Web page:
June 11, 2019 / 11:30 PM / 4 months ago

Rice Energy founder says EQT's turnaround dependent on his board takeover plan

NEW YORK (Reuters) - The founder of Rice Energy, the U.S. natural gas producer acquired by larger peer EQT Corp for $6.7 billion in 2017, told Reuters on Tuesday that only by giving him control of the EQT board would the business be able to make the changes he believes it needs.

FILE PHOTO: Toby Rice, co-founder of Rice Energy group, speaks during an interview in New York, U.S., June 11, 2019. REUTERS/Brendan McDermid

Toby Rice has put forward himself, his brother Daniel and five more nominees to sit on EQT’s 12-member board, arguing the company has mismanaged the acquisition, with its inefficient production methods leading to significant shareholder value destruction.

Daniel Rice is already an EQT board director. EQT shareholders will decide on the composition of the board in a vote at the company’s annual shareholder meeting on July 10.

“We’ve tried having a voice with just a couple of board seats, and that hasn’t worked, so clearly we need more influence on this business to effect the change that needs to happen,” Toby Rice told Reuters in an interview.

EQT has said the company is improving across its financial parameters, as highlighted by its most recent earnings, and that the Rice challenge is based on inflated projections and outdated market conditions.

Shares of EQT have lost around half their value since its Rice Energy acquisition in November 2017.

Toby Rice said much of EQT’s woes stem from current management ignoring Rice Energy’s best practices for drilling wells and utilizing technology in the production process, as well as discarding most of Rice Energy’s senior management in the wake of the merger.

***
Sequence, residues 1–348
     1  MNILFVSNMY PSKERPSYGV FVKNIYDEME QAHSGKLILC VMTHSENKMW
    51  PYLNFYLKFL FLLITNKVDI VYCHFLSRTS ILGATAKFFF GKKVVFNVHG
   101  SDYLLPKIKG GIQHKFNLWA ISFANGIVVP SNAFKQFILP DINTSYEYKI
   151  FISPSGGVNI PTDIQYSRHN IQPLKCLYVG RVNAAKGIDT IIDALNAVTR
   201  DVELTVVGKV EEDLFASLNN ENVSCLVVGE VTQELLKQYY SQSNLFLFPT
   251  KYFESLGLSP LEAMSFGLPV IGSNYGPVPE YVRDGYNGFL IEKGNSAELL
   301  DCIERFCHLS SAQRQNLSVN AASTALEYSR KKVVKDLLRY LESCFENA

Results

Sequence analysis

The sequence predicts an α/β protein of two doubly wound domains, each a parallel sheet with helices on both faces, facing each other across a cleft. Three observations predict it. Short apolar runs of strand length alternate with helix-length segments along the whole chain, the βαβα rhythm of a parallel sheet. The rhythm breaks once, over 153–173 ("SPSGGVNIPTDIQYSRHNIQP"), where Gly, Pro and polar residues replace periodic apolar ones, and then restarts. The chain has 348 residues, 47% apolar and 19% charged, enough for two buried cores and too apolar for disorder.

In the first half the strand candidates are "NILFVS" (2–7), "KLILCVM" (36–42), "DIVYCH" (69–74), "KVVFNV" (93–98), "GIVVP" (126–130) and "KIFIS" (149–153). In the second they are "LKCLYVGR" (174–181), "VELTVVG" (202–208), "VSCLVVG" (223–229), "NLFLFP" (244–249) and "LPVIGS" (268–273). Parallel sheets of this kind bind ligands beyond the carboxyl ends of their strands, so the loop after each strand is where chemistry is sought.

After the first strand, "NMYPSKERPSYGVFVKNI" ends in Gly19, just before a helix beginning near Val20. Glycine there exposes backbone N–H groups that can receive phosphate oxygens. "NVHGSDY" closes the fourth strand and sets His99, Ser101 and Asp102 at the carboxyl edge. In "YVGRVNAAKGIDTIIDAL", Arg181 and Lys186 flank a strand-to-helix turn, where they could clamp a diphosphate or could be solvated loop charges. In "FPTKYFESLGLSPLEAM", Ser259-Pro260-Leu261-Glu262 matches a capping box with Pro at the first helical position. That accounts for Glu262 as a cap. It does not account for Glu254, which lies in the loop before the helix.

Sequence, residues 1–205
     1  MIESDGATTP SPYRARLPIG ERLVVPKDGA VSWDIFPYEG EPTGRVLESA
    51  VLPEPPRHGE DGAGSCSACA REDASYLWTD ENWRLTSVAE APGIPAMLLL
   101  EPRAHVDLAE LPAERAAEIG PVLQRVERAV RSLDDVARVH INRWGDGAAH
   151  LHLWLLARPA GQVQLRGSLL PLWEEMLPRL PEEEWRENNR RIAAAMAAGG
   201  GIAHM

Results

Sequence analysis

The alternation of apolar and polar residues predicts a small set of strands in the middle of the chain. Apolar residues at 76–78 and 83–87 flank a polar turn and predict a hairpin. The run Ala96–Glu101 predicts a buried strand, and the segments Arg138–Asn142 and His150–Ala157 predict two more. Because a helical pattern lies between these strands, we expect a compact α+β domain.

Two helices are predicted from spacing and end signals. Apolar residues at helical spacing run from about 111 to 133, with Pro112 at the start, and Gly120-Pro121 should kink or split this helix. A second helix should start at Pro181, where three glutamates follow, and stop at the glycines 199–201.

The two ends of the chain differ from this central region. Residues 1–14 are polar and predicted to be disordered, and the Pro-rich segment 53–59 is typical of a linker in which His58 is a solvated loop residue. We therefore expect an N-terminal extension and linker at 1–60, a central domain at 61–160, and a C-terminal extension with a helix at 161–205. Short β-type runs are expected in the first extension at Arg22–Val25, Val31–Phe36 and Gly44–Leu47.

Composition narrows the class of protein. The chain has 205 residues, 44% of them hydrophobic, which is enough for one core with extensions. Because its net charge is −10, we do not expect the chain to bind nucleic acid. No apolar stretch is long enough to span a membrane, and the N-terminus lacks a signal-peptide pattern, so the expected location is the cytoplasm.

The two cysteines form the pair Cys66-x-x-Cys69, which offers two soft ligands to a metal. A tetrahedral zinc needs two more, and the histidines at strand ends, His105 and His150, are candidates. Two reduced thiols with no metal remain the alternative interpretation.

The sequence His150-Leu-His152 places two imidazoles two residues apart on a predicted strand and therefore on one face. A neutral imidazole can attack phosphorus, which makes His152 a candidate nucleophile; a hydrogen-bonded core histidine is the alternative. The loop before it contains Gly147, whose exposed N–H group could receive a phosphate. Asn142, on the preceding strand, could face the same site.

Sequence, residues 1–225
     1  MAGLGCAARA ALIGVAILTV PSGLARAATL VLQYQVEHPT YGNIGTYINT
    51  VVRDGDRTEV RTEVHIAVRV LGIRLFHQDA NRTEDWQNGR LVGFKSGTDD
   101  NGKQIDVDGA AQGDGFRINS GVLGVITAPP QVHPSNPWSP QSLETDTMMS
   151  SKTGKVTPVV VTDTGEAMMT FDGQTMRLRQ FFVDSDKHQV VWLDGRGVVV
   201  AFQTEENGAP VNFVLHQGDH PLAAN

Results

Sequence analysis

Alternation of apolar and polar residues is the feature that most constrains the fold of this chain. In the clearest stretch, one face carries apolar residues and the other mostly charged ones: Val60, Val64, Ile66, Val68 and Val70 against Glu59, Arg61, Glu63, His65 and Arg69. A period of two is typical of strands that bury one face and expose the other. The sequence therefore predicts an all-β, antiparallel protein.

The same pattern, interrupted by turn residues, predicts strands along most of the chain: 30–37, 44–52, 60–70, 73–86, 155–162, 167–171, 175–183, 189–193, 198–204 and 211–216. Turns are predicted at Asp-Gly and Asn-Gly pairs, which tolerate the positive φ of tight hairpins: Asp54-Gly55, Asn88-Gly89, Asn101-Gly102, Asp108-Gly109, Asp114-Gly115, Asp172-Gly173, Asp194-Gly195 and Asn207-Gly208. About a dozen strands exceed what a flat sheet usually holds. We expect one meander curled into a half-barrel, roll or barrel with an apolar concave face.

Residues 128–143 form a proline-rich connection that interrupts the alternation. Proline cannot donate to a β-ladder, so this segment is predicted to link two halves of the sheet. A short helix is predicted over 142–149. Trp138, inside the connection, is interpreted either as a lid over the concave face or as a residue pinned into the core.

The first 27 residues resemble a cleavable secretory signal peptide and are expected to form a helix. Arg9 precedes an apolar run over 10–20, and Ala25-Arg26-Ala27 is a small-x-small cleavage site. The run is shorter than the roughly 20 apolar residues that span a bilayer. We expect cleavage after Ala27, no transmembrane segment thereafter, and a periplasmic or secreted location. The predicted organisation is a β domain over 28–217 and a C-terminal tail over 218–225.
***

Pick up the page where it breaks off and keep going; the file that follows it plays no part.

The consequence, according to Rice, has been significant inefficiencies and the highest production costs for EQT among Appalachian producers - a charge which EQT has denied.

The Rice team would bring in its own executives in key parts of the business, such as drilling and completions, technology, and human resources. The rest of the EQT management team would be subject to a “fair assessment” of their capabilities, Rice said.

“That being said, because we have experience in building our business from the ground up, I know what the right leadership looks like and what are the right things we need to be focused on,” said Rice, who aims to take over as chief executive.

The Rice team is backed by EQT’s fourth-largest shareholder, DE Shaw Group. Rice said the departure last month of DE Shaw’s head of activism, Quentin Koffey, had not impacted the investment firm’s support.

A spokesman for DE Shaw did not immediately respond to a request for comment.

Reporting by David French, Editing by Rosalba O'Brien

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